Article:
When Jesus had crossed again in the boat to the other side, a great crowd gathered around him; and he was by the sea.” (Mark 5:21)

Jesus had been doing some traveling around, and of course preaching & healing. Word had begun to spread throughout several communities.

“Then one of the leaders of the synagogue named Jairus came and, when he saw him, fell at his feet and begged him repeatedly, “My little daughter is at the point of death. Come and lay your hands on her, so that she may be made well, and live.” So he went with him. And a large crowd followed him and pressed in on him.” (Verses 22 – 24)

I grew up in a small town. Despite the size, the town had three churches. At least once a year there was a pulpit exchange, and it was interesting to hear how other faith traditions expressed their faith. I came to realize that the faith I grew up in rested on different tenets than other faiths. So I am not sure if I need some sort of faith intervention I would have sought a pastor from one of the other churches. It is a testament to Jesus’ appeal that the leader of a synagogue sought him out. And it was not just that leader who sought out Jesus.

“Now there was a woman who had been suffering from hemorrhages for twelve years. She had endured much under many physicians, and had spent all that she had; and she was no better, but rather grew worse. She had heard about Jesus, and came up behind him in the crowd and touched his cloak, for she said, “If I but touch his clothes, I will be made well.” Immediately her hemorrhage stopped; and she felt in her body that she was healed of her disease. Immediately aware that power had gone forth from him, Jesus turned about in the crowd and said, “Who touched my clothes?” (Verses 25 – 30)

I want to make a point about this, beloved reader. When Jesus laid hands hands on a person to heal them, power did go out, but it left him voluntarily. This woman was able to siphon off the power without Jesus focusing on its transmission. That says a great deal about the power that Jesus had, or the receptive nature of the woman – or perhaps both!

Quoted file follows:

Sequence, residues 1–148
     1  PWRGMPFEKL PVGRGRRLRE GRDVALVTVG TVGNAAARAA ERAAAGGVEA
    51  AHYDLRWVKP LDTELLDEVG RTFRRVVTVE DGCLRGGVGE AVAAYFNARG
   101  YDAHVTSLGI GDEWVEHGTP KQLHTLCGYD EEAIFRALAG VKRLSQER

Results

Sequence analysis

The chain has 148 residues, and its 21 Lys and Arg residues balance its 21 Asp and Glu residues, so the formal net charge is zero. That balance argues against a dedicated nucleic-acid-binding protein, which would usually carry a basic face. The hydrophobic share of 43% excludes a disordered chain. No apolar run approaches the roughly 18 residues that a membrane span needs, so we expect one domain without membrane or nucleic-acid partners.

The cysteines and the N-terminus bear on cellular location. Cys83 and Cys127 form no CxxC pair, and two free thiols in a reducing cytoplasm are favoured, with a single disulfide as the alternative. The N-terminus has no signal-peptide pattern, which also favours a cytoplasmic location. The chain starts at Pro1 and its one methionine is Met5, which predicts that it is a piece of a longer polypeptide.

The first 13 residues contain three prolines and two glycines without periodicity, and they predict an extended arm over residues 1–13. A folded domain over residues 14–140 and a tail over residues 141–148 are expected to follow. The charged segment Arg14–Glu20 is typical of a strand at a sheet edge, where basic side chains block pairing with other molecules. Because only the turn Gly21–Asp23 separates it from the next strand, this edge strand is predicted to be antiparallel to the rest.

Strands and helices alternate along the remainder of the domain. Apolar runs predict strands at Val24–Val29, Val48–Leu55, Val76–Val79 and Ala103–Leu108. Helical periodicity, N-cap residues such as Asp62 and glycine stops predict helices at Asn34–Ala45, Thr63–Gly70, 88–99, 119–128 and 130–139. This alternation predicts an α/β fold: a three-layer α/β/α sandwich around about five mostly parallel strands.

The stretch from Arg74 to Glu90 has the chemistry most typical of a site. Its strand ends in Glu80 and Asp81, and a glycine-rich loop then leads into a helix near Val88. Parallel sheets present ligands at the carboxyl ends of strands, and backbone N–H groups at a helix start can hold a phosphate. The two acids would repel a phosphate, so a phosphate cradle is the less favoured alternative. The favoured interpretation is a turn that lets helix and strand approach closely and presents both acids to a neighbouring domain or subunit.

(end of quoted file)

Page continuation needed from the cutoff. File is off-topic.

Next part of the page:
“And his disciples said to him, “You see the crowd pressing in on you; how can you say, ‘Who touched me?'” He looked all around to see who had done it. But the woman, knowing what had happened to her, came in fear and trembling, fell down before him, and told him the whole truth. He said to her, “Daughter, your faith has made you well; go in peace, and be healed of your disease.” (Verses 31 – 34)

As a person who has a chronic illness, it is nice to hear that one’s faith can be healthy even if one’s body is not.

“While he was still speaking, some people came from the leader’s house to say, “Your daughter is dead. Why trouble the teacher any further?” But overhearing what they said, Jesus said to the leader of the synagogue, “Do not fear, only believe.”(Verses 35 – 36)

Need I point out the male leader of the synagogue was being exhorted to have the faith that the woman in the crowd already had?

“He allowed no one to follow him except Peter, James, and John, the brother of James. When they came to the house of the leader of the synagogue, he saw a commotion, people weeping and wailing loudly. When he had entered, he said to them, “Why do you make a commotion and weep? The child is not dead but sleeping.” And they laughed at him. Then he put them all outside, and took the child’s father and mother and those who were with him, and went in where the child was.” (Verses 37 – 40)

I remember many years back, our middle child became quite ill with an infection on his leg. I took him to several doctors, and he under went several types of treatment – but nothing cured the infection. So I can understand and appreciate the concern and dread that the parents had. Fortunately for us, the surgery that our son had removed the infection and he healed completely. Not as dire as this story; but like the synagogue leader (and even more like the woman in the crowd) I never gave up my belief and hope that my son would be healed.

“He took her by the hand and said to her, “Talitha cum,” which means, “Little girl, get up!” And immediately the girl got up and began to walk about (she was twelve years of age). At this they were overcome with amazement. He strictly ordered them that no one should know this, and told them to give her something to eat.” (Verses 41 – 43)

I should very much like to ask the writer/recorder of the gospel of Mark why the girl’s recovery should not be told of. The biblical commentators give their opinion that Jesus did not want to seem to be grandstanding. I can and will accept this, but for my reasoning – that it would do the little girl no favors to be forever after known as the child who died and came back to life. Think of “poor” Lazarus who was brought back to live and earned the scorn of the religious leaders. Like the woman who was healed by touching Jesus’ clothes, the greatest gift for this young girl is that she grew to be an old woman who had lived a full life. This is what we want and what we want to believe for ourselves. Sometimes, beloved reader, the Christian life is focusing on the here and now, and making the most of the gift of life we have been given. Shalom & Selah!